# Find n such that the group of the n-th roots of unity has exactly 6 generators

#### AutGuy98

##### New member
Hey guys,

Sorry that it's been a decent amount of time since my last posting on here. Just want to say upfront that I am extremely appreciative of all the support that you all have given me over my last three or four posts. Words cannot express it and I am more than grateful for it all. But, in light of that, I actually have some more questions for an exercise set that I have to do for one of my classes and I'm really unsure how to begin doing them. There are four of them and they all require proofs to some degree. Anyway, I was going to make one post and put all four parts of the same question in it (i.e. 2(a),2(b),2(c), and 2(d)), but was unsure whether or not it would be allowed here. So, for those reasons and to play it safe rather than try to do so, here is the fourth and final part that I've been having trouble with. Any help here is, once again, greatly appreciated and will leave me forever further in your gratitude.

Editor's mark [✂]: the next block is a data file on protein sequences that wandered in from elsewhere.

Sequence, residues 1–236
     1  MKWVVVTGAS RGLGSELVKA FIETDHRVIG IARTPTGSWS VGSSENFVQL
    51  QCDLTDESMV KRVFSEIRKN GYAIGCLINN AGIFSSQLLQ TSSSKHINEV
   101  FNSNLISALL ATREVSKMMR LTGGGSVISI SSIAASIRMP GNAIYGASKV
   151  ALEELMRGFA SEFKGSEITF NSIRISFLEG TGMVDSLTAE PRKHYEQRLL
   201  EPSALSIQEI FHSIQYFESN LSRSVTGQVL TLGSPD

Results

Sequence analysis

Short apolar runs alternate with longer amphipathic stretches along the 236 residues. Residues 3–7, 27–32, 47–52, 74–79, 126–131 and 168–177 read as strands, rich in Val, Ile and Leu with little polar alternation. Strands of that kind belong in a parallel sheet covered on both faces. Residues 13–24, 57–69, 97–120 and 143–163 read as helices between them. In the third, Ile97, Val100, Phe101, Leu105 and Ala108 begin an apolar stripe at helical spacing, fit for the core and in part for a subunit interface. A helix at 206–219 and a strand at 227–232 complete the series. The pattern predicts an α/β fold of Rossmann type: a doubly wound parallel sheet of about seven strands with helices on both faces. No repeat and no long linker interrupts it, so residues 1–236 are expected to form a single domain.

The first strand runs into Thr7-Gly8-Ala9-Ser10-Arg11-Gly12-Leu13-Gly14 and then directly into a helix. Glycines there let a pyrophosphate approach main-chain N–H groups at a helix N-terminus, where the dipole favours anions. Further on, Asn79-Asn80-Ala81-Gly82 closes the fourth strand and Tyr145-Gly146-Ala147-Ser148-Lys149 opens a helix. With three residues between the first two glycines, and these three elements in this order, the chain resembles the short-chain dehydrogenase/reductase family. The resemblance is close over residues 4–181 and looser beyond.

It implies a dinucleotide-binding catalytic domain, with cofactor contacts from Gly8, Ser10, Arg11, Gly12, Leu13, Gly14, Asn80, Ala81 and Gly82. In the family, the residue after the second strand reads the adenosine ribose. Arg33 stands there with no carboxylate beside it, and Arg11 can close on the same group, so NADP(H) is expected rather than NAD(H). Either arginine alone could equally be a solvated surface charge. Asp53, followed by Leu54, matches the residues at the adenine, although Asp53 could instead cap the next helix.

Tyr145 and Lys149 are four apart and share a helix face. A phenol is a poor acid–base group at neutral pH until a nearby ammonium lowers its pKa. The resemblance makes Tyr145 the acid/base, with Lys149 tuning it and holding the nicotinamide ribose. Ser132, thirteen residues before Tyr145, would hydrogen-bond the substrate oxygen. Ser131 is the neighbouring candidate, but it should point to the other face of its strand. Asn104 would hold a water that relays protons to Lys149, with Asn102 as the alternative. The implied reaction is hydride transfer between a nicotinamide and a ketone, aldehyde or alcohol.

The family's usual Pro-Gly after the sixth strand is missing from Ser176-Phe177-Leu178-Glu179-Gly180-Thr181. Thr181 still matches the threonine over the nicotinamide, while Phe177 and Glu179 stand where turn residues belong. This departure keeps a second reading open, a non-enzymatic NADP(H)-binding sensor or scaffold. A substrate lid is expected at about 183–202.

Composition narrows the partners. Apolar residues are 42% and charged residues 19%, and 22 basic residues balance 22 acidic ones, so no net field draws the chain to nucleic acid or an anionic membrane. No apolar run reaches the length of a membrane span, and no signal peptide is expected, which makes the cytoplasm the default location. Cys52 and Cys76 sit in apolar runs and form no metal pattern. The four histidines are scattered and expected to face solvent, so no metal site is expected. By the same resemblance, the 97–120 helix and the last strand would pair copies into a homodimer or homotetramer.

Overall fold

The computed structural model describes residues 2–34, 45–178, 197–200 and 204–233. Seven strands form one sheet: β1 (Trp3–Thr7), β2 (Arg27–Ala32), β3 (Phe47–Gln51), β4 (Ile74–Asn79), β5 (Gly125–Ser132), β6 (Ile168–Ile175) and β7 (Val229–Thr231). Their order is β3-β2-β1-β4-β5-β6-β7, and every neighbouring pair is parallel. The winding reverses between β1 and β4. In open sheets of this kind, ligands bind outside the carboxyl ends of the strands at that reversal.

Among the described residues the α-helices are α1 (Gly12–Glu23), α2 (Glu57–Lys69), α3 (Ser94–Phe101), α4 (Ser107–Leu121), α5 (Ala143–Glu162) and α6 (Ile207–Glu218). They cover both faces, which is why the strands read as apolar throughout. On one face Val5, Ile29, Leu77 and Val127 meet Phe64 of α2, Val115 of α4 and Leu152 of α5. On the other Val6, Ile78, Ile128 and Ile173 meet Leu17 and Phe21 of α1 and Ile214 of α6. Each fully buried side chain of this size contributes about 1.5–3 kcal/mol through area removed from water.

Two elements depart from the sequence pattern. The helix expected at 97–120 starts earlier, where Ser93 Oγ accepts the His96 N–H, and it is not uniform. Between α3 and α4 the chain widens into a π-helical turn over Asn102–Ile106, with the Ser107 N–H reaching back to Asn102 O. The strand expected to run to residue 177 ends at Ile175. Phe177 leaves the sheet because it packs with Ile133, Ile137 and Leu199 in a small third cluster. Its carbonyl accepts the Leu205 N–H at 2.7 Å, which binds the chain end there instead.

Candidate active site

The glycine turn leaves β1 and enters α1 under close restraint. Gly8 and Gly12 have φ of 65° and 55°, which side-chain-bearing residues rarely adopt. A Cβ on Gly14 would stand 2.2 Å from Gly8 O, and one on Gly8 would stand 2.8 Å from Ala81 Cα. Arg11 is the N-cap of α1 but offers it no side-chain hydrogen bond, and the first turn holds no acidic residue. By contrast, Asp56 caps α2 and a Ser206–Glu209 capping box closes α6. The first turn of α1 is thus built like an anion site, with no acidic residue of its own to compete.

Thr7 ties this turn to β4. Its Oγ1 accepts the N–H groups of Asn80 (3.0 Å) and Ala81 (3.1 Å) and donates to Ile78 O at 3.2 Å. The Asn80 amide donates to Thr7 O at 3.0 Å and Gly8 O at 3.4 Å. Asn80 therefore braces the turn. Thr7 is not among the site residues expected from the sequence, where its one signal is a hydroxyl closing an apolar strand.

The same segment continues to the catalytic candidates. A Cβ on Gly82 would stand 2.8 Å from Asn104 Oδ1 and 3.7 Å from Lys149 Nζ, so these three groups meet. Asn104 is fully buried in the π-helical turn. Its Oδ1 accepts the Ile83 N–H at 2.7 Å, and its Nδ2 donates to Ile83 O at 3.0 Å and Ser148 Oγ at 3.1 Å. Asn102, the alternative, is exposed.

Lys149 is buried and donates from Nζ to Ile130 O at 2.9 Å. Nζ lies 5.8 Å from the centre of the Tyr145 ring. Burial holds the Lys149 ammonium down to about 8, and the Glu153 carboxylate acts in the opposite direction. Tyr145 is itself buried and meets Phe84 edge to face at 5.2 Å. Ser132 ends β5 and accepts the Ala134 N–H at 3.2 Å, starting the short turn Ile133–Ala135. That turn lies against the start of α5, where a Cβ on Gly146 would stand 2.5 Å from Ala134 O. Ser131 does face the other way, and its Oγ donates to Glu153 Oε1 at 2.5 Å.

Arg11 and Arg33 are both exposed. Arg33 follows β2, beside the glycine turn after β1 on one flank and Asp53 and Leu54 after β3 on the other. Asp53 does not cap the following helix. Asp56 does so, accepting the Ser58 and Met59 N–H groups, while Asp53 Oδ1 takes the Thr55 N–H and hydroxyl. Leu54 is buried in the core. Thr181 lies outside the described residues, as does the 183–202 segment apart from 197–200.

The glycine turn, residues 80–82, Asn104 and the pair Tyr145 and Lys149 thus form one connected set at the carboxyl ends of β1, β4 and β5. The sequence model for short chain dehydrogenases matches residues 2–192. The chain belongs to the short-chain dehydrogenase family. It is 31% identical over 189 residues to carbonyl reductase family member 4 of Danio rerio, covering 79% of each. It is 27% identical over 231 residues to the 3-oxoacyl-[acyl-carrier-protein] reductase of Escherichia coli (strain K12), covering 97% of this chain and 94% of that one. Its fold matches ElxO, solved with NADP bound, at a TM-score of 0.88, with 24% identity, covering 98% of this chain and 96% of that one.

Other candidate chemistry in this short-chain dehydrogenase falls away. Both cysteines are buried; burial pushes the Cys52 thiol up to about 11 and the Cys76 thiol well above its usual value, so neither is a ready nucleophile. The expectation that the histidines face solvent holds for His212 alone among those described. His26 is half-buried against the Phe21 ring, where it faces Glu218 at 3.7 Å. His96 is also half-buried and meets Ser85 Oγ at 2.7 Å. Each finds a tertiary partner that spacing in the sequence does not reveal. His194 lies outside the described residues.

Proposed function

Question: 2(d): "Find n such that the group of the n-th roots of unity has exactly 6 generators."

Again, I have no idea where to start with this, so any help is extremely gracious and appreciated.

P.S. If possible at all, I'd need help on these by tomorrow at 12:30 E.S.T., so please try to look this over at your earliest conveniences. Thank you all again for your help with everything already.

#### Euge

##### MHB Global Moderator
Staff member
Hi AutGuy98 ,

A cyclic group of order $n$ has $\varphi(n)$ generators, where $\varphi(n)$ is the number of positive integers not exceeding $n$ and relatively prime to $n$. The question is asking you to solve the equation $\varphi(n) = 6$ for $n$.

#### AutGuy98

##### New member
Hi AutGuy98 ,

A cyclic group of order $n$ has $\varphi(n)$ generators, where $\varphi(n)$ is the number of positive integers not exceeding $n$ and relatively prime to $n$. The question is asking you to solve the equation $\varphi(n) = 6$ for $n$.
Hi Euge,
The same situation applies here as was the case with 2(b) and 2(c). I only have a small amount of understanding when it comes to what is going on in my Elem. Abstract class, so if you would be so kind as to please just provide me with the solution whenever you are able, as I am still heavily pressed for time and honestly have no idea where to go with the advice you gave me, nor do I have that much time to figure it all out. Thank you again for your help with 2(a) and 2(b) though, that helped relieve the tension off of me a tremendous amount.

#### Euge

##### MHB Global Moderator
Staff member
You can compute $\varphi(n)$ for small values of $n$: $\varphi(1) = 1$, $\varphi(2) = 2$, $\varphi(3) = 2$, $\varphi(4) = 2$, $\varphi(5) = 4$, $\varphi(6) = 2$, $\varphi(7) = \color{red}{6}$. Thus $n = 7$.